Designer Interview With Uncle Phuncle

Uncle Phuncle is a Melbourne-based, independently owned clothing label founded by high school sweethearts, Ash & Steve through a love of t-shirt culture and vintage fashion. Their timeless pieces are all 100% designed and hand-made in Melbourne with the help of Bernie (the Bernina sewing machine). Uncle Phuncle is all about timeless silhouettes and fun prints inspired by mid-century design and music.

Uncle Phuncle's ethics focus heavily on slow-fashion - a movement that is gaining momentum as people begin to make more conscious clothing choices, opting to purchase higher quality items that last over mass produced, cheaper garments that have a shorter life-span. This led to the Phuncle Philosophy, “Your wardrobe should be like your favourite music: A great hit should be enjoyed for years to come!”

We spoke to Ash about how the Uncle Phuncle brand came about, her take on the slow-fashion movement and the Gold Coast vs Melbourne clothing scene.

AF: How did you start Uncle Phuncle and how did you come up with the name?

UP: I started Uncle Phuncle primarily as a T-shirt label and it evolved from there.  Uncle Phuncle was the name of a cartoon Steve (fellow Uncle Phuncle founder) drew in high school. The Uncle Phuncle character looked like a 1920s gangster caricature wearing a pin striped suit, smoking a cigar pointing off into the distance. I’d like to say it was a long journey of brainstorming names and logos but basically I saw the name and it made me giggle.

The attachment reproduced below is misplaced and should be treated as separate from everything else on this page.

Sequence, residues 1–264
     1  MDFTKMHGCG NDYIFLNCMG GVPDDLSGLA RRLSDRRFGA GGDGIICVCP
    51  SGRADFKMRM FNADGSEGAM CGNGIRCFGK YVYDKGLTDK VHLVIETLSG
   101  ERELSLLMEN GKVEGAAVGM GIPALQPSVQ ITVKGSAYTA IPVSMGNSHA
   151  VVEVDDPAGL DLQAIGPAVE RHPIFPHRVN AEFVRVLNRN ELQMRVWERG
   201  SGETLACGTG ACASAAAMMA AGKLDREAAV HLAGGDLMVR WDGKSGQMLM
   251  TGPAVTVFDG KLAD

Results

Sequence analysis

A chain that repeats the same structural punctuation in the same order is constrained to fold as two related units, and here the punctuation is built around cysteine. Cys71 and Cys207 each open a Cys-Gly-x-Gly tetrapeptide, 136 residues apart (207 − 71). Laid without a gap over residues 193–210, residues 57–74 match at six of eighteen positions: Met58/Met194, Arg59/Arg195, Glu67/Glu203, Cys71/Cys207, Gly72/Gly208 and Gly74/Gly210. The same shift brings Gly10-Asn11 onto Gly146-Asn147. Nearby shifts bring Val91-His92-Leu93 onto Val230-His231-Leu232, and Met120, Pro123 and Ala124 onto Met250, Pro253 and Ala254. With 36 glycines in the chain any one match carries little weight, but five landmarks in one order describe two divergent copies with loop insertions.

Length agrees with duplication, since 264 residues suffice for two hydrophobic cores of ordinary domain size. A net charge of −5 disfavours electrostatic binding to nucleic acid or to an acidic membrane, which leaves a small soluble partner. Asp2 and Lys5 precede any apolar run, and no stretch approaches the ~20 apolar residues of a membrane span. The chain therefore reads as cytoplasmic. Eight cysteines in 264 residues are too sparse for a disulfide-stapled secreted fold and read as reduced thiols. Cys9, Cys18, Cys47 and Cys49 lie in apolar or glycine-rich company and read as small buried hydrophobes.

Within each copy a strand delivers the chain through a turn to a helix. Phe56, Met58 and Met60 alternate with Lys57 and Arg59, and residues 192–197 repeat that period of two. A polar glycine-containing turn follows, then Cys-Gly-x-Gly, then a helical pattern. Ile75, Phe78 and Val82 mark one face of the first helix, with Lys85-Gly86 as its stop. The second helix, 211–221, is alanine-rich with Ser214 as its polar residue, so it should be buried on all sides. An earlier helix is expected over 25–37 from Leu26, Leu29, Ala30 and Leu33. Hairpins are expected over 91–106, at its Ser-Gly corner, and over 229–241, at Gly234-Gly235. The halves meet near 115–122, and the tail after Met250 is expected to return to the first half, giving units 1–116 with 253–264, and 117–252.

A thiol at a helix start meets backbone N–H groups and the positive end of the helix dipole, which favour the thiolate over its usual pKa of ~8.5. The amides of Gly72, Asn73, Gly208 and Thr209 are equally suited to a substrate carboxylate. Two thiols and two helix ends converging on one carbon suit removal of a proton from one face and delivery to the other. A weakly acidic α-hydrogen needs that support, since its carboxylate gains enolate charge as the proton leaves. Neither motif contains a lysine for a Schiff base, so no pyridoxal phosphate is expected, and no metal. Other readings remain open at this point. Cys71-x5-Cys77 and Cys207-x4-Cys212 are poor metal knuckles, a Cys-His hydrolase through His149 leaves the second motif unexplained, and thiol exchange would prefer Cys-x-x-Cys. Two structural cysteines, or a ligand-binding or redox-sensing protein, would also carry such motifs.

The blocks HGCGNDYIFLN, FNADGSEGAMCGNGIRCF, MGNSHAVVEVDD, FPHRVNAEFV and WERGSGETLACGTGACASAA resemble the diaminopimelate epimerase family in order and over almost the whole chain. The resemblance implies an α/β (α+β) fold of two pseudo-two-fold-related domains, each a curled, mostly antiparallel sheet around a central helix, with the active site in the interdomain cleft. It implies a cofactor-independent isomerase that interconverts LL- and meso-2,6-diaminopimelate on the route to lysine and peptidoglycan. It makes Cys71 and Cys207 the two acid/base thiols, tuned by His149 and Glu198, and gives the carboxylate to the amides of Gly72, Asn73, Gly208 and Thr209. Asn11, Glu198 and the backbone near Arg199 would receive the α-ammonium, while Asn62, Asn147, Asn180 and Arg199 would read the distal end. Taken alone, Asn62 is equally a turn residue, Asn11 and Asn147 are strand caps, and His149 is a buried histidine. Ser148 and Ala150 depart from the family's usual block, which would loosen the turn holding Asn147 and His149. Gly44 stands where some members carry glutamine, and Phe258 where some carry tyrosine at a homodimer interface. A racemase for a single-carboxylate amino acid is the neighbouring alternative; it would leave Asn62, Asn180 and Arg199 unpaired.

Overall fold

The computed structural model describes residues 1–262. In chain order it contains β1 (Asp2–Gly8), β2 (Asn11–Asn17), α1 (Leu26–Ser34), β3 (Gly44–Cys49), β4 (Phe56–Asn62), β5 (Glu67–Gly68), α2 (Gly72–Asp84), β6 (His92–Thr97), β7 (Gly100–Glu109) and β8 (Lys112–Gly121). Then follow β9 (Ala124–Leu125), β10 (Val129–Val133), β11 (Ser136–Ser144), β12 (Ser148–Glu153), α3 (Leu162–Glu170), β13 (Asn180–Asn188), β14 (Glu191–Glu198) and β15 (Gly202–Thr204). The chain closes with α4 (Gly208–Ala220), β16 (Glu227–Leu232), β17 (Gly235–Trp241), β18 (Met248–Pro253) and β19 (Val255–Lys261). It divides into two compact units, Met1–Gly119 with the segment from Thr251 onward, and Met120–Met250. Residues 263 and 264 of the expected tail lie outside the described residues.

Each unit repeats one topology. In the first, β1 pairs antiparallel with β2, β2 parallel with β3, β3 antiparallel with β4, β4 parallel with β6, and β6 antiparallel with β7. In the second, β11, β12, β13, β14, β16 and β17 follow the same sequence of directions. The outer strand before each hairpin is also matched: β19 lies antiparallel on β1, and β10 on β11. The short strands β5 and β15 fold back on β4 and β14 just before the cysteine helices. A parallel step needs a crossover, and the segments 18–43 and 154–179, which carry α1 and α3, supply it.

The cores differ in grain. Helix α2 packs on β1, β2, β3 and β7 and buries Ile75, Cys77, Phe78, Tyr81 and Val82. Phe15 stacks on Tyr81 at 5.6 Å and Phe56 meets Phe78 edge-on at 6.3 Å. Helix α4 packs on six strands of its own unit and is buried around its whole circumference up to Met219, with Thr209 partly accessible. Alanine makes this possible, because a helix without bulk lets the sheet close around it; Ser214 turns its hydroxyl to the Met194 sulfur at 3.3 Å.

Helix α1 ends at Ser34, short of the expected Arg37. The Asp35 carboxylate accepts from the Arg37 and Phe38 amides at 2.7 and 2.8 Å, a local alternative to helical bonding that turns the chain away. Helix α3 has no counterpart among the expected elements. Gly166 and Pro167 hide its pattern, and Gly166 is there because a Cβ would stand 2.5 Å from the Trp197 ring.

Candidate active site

AF: When did you know you wanted to be a fashion designer?

UP: There was no conscience moment of deciding I wanted to design clothes.  It came out of necessity and frustration of not being able to find the designs I wanted to wear.  I didn’t start sewing or designing until I was about 19/20 years old. Once I started sewing and designing my own clothes I essentially became addicted to it. I didn’t study fashion so I feel uncomfortable calling myself a fashion designer.  If people ask me what I love to do, I usually say that I love to design and make clothes, and they often reply ‘Like a fashion designer?’ and I say ‘I guess you could call it that’

AF: Can you describe your creative process?

UP: I would say it starts with an idea, followed by a rough sketch, a test pattern, sample garment + alterations then finished product. 

AF: What is your favourite piece you've ever created?

UP: This always changes because often it’s what I’m working on at a particular moment.  I was especially fond of the digital textile prints we released, but then I fell in love with hand stencil printing our own fabrics. I must say, our recent satin lined cropped bomber jackets make my heart sing! 

AF: What's your biggest source of inspiration for your designs?